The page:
The Effect of Mandarin Vowels on Acoustic Analysis: A Prospective Observational Study

  • Min Shu
    Address correspondence and reprint requests to Min Shu, Eye & ENT Hospital of Fudan University, Department of Otolaryngology Head & Neck Surgery, China.
    Eye & ENT Hospital of Fudan University, Department of Otolaryngology Head & Neck Surgery, China
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  • Yi Zhang
    Eye & ENT Hospital of Fudan University, Department of Otolaryngology Head & Neck Surgery, China
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  • Jack J. Jiang
    Eye & ENT Hospital of Fudan University, Department of Otolaryngology Head & Neck Surgery, China

    Otolaryngology-Head and Neck Surgery, Department of Surgery, University of Wisconsin School of Medicine and Public Health, Madison, Wisconsin
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      Although vowels are of interest for acoustic analysis in clinics, there is no consensus regarding the effect of vowel selection on acoustic perturbation parameters. This study aimed to reveal the effects of Mandarin vowels on acoustic measurements.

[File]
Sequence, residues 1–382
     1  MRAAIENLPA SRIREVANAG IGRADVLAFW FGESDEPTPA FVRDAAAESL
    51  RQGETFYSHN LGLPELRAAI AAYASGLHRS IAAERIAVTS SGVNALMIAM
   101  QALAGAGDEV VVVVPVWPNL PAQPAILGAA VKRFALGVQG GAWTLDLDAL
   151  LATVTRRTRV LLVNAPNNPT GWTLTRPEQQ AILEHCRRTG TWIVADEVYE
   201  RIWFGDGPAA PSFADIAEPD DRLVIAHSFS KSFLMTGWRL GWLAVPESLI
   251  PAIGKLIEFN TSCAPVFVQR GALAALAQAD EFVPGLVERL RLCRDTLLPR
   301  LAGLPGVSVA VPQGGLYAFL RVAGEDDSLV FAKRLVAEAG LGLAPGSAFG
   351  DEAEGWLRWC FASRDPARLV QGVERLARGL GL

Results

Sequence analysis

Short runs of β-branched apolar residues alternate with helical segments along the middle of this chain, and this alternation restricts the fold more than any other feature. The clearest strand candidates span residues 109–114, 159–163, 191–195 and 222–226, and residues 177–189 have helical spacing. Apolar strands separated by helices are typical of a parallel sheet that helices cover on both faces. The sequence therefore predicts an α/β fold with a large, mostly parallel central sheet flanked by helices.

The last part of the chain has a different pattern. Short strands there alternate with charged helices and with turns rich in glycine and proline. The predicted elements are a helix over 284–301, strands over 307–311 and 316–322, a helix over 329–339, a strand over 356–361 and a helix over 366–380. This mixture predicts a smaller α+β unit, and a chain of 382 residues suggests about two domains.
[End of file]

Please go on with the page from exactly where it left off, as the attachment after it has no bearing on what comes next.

Study Design

      A prospective observational study.


      This prospective observational study enrolled normal phonation Mandarin speakers at the Otolaryngology Department of the Eye & ENT Hospital affiliated with Fudan University from December 2020 to August 2021. This study recruited 107 normal-voiced Mandarin speakers (59 women and 49 men) with a median age of 26 (22, 33) years old. The objective measures included traditional acoustic parameters (fundamental frequency, harmonic-to-noise ratio, percent jitter, and percent shimmer) and cepstral analysis (smoothed cepstral peak prominence) of six Mandarin vowels (ɑ /a/, o /o/, e /ɤ/, i /i/, u /u/, ü /y/).


      The acoustic analysis revealed no significant differences in the fundamental frequency among vowels. The low vowel /a/ had the highest values for percent jitter and percent shimmer and the lowest harmonic-to-noise ratio value. The back vowel /u/ had the lowest cepstral measures (P < 0.05).


      The acoustic analysis significantly varied across the different Mandarin vowels, and these differences must be considered for the effective clinical application of objective evaluations.

      Key Words

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